Wednesday, February 04, 2009


The peep show divider comes down, the house lights come on; everything seems to be boiling beneath the surface in the acidic, garish light. The patrons, marginal characters and outright perverts, seedy sorts and vulgar youths, slumming yuppies and middle-aged men whose faces unintentionally plead for lifting the weight of years of disillusion and regret; all squint and cringe in the hostile glare. We are the uninvited of the great bacchanal, the unrecorded casualties of the revolution, homeless in the ensuing tyranny of gild and gluttony, staggering and limping about unnoticed. We all shrink and lower our gaze in the light's exposure, seeing no one, as if to be seen by no one.

Time for you to go too, friends. Use one of the doors to the right, or go out the way you came in. No one look at another. File out in furtive silence. You pass a slotted paybox on your way out, stuffed with expired coupons, slug nickels, greasy notes and scraps of old newspaper.

The ancient doorman is as still as the stained and eroding stone-front of the building, into which he appears to be, no you're sure he is, fading, like a mineral pocket dissipating into a greater mass. He looks at nothing and sees everything. Behind the dull, insensate eyes he records it all, like a meter mindlessly ticking through an infinite number. He's always been and always will be there, even after the body is gone, after the building is demolished and replaced, demolished and replaced again, after nature's reclamation of the spot; always the impression left by this blip of sentience in the cosmic mass, will remain in some form, a spectral smudge, eternally fading but never going away.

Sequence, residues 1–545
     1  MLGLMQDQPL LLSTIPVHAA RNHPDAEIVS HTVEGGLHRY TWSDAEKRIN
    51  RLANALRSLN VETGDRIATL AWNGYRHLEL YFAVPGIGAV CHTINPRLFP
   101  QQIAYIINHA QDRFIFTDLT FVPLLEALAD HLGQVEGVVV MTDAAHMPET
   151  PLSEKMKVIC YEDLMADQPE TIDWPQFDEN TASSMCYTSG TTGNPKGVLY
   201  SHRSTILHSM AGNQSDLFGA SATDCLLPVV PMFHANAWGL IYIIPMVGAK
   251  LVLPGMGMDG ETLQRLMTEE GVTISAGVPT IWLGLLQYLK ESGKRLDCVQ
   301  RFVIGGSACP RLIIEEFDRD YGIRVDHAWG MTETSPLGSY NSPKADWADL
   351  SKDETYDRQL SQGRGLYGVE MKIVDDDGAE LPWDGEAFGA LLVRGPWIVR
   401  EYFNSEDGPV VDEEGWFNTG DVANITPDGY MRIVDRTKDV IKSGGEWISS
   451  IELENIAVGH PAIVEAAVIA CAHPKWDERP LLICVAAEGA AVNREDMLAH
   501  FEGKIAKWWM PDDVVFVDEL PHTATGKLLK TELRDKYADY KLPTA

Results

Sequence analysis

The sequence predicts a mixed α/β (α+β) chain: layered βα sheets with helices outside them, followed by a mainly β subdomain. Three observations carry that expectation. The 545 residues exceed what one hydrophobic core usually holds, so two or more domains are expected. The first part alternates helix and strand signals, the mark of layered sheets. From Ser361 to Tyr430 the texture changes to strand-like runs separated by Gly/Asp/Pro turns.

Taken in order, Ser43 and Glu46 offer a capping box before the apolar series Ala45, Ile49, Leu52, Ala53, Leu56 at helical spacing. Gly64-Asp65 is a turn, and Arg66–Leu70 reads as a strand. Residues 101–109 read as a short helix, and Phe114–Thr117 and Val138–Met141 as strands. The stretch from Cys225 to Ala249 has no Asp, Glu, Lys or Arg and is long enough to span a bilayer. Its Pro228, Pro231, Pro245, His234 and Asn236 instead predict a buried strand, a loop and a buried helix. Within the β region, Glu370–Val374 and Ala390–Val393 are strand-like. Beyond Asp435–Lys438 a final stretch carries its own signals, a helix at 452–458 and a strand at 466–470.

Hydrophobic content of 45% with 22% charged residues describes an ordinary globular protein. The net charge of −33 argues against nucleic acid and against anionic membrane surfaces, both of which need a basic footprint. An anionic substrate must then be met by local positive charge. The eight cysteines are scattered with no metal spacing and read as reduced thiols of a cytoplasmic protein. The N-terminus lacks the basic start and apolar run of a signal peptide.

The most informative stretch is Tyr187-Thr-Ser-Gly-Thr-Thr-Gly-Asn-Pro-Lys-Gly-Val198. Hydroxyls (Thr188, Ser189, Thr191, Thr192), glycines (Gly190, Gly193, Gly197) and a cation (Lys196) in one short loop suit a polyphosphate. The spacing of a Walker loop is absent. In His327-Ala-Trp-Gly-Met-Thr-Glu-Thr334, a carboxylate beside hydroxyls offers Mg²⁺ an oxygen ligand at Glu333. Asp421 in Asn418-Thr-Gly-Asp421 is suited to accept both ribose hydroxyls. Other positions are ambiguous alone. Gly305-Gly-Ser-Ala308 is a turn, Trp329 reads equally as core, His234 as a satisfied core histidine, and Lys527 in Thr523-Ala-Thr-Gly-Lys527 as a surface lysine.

Back on the street you expand out and up as we disperse; your spirits lift. You think about someone at home or someone in the past; you stop, looking about at your fellows. Each seems to trail a bit of light behind him; you marvel a moment at this illusion of light and psychology. There is a twinge you don't recognize, a pull inside of an icy grey hand upon a silent bass string. For a split-second you are utterly disoriented, your history and identity vanish, lost to you entirely; you don't know who or where you are. Something is revealed, something you always knew but never considered, something overwhelming. The shudder of displacement passes so quickly you're not sure it happened. You pull your collar up around your neck, which feels exposed and vulnerable on the street. Already you're forgetting the queer sensation. Home beckons, comforting temporal echoes of its warmth and familiarity reassure you; someone is there now, you're certain, waiting; before moving on you take one last look at the others, all shuffling off beneath the alternating red and white of the flashing sign that reads,

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